REM-related obstructive sleep apnea and vertigo: A retrospective case-control study

Po Yueh Chen, Tzu Ying Chen, Pin Zhir Chao, Wen Te Liu, Chyi Huey Bai, Sheng Teng Tsao, Yi Chih Lin

Research output: Contribution to journalArticlepeer-review

Abstract

Background In recent population-based case-control studies, sleep apnea was significantly associated with a higher incidence (hazard ratio, 1.71) of vertigo and the risk of tinnitus was found to increase 1.36 times in patients with sleep apnea. The possibility that obstructive sleep apnea (OSA) might affect neurotological consequences was not noticed, until studies using polysomnography (PSG) for these patients. Objectives The purpose of this study was to investigate the relationship between vertigo and OSA. Methods The collected data among patients from May 1st, 2018 to October 31th, 2018 at Shuang Ho Hospital. Eligibility criteria included an age older than 20 years, a diagnosis of obstructive sleep apnea. The diagnosis of OSA was defined as an oxygen desaturation index of at least 5, was established with the use of polysomnographic examination at hospital. Patients were excluded from the study if they had head injury, brain tumour, headache history and hearing loss. Patients who had vertigo were labeled as Vertigo group. In the other hand, patients who had no dizziness were labeled as control group. 58 patients were in the Vertigo group, and 113 were in the control group. Results After PSG examination, 58 patients who had vertigo, were diagnosed OSA (29 males, average age = 57.07 years old, BMI = 26.64, RDI = 24.69, ESS = 8.65), and 24 patients of them (41.3%) were REM-related OSA. Meanwhile, in the control group, 113 patients had OSA (92male, average age = 49.66 years old, BMI = 26.06, RDI = 35.19, ESS = 11.43), and 18 patients of them (15.9%) were REM-related OSA (Table 1). Therefore, patient who had vertigo, would have higher proportion of REM OSA (P<0.001). Conclusions The vertigo patients have a higher rate of REM-related OSA, and the acceptance rate to CPAP use is low. Further research is needed to explore novel therapeutic approaches, or combination of currently available non-CPAP therapies, in patients with REM OSA.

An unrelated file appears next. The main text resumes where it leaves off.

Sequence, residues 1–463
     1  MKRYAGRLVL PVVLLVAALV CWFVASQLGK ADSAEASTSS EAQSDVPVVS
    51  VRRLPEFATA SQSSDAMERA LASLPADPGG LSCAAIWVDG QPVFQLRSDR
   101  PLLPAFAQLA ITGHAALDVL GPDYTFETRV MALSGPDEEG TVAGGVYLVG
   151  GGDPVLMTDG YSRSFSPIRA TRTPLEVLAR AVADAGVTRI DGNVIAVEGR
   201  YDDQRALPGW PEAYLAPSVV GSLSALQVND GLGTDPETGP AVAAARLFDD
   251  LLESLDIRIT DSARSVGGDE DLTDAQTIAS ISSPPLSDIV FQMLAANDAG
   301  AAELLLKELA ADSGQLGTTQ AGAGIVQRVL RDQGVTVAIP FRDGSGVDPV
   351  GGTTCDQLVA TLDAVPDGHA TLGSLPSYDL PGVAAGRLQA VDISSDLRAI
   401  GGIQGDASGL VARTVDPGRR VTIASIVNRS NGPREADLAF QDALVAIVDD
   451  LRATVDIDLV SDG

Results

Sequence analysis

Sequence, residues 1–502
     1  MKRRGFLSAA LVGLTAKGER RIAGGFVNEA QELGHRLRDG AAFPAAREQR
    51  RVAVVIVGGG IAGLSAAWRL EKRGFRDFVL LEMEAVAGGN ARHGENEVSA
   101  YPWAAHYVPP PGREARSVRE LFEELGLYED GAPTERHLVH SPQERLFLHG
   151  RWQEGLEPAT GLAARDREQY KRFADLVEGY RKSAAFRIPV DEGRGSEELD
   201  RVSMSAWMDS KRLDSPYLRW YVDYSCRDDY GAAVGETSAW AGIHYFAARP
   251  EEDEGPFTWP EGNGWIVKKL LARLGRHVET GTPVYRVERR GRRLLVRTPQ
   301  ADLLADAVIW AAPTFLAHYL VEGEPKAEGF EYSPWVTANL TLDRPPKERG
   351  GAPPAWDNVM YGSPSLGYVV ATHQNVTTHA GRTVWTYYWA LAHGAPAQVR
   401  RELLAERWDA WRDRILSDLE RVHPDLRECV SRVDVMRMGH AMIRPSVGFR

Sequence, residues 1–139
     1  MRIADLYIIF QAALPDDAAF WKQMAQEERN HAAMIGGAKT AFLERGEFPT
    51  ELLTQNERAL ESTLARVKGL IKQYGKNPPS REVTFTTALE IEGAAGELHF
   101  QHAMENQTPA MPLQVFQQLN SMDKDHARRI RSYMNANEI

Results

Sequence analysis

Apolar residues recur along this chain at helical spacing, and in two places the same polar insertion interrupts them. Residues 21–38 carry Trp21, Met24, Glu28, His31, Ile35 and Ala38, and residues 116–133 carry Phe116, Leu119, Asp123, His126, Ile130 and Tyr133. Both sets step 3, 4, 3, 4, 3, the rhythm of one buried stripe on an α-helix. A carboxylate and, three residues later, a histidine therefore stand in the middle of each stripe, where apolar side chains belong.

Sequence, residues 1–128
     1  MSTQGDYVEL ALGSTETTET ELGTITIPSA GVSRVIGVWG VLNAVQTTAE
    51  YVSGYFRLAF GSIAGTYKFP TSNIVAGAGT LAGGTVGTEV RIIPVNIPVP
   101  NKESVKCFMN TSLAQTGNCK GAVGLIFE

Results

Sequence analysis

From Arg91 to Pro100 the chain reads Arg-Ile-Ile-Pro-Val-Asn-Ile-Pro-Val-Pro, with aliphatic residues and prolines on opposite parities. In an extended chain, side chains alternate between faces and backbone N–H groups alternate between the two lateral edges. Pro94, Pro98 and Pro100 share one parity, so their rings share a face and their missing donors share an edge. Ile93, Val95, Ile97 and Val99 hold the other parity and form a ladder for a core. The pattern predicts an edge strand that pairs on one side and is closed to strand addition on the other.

Original languageEnglish
Article numbere0252844
JournalPLoS ONE
Volume16
Issue number6 June
DOIs
Publication statusPublished - Jun 2021

ASJC Scopus subject areas

  • General

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